Since and for is commonly associated to perfect continuous tenses. As explained in the previous chapter of perfect continuous the verbal action has undergone two main functions;
The difference between continuous and perfect continuous
In case of the first sentence the action of jogging is continuous whereas in the second sentence it has been continuous for certain time, and if we use since or for it will be further clear e.g. “They have been jogging for an hour.”
Any action that has been continuous for certain time implies two things; either we have to say for how long it has been continued or when it has been started. It is here that we need since and for.
Point on time means the certain time when verbal action was started. So whenever in perfect continuous tenses we have to talk about the time the verbal action started from we have to use since. There are different types of point of time as follows;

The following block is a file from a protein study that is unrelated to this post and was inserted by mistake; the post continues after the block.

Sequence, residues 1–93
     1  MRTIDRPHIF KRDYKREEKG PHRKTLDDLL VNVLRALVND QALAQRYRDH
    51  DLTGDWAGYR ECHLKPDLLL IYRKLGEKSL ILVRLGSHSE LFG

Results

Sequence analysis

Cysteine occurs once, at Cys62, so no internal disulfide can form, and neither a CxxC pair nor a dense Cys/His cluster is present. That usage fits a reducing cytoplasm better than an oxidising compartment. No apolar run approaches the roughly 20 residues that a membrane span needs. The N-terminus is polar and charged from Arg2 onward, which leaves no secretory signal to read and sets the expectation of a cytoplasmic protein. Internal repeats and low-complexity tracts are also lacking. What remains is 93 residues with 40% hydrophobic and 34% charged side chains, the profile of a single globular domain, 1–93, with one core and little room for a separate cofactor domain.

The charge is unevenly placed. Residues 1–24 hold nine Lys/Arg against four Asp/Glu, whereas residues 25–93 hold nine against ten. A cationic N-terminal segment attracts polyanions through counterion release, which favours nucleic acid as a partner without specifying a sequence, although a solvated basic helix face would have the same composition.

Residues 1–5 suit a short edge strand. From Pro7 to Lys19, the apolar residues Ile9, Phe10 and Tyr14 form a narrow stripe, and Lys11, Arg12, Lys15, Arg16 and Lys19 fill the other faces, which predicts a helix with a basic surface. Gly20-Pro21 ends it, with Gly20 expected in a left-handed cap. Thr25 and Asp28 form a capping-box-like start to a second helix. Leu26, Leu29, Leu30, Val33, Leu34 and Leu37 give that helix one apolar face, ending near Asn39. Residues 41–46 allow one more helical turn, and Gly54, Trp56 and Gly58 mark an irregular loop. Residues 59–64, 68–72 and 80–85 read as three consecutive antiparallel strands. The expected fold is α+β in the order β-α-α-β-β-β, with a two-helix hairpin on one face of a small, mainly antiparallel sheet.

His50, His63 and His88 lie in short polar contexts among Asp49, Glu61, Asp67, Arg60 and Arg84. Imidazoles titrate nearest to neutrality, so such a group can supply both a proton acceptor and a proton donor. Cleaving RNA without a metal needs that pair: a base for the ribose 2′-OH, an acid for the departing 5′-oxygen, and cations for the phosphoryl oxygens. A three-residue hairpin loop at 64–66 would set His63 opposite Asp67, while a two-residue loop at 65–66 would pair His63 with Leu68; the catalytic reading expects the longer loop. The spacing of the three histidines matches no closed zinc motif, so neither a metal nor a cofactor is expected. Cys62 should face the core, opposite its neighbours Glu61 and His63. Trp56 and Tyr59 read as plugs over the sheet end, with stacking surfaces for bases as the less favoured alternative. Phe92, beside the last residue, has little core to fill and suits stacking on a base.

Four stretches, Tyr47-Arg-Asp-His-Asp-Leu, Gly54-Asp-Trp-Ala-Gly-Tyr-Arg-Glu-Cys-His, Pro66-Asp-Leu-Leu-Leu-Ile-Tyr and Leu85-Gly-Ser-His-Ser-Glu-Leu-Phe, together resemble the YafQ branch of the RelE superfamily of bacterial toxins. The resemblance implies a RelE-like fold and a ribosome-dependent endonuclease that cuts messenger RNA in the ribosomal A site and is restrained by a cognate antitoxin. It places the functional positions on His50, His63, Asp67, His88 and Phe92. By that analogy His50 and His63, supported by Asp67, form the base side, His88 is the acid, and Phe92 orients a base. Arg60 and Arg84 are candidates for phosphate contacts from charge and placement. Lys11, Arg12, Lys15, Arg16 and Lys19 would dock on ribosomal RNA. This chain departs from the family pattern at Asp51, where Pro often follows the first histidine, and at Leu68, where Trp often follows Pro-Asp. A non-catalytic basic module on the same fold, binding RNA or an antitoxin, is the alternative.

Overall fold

For is used for period of time. It means when we talk about the duration of verbal action, like; two months, four hours, three years, five centuries etc. There are different types of period of time, like; moments, years, months, centuries etc.
Sometimes since and for are used in one sentence where we show both duration and starting time for the verbal action.
Since and for in one sentence
Sometimes one word may stand for both point and period of time. In such cases we have to see what is more likely in accordance with the context.
Position of since and for in a sentence
Position of since and for in a sentence may vary. They can be either at the start or at the end of the sentence, like;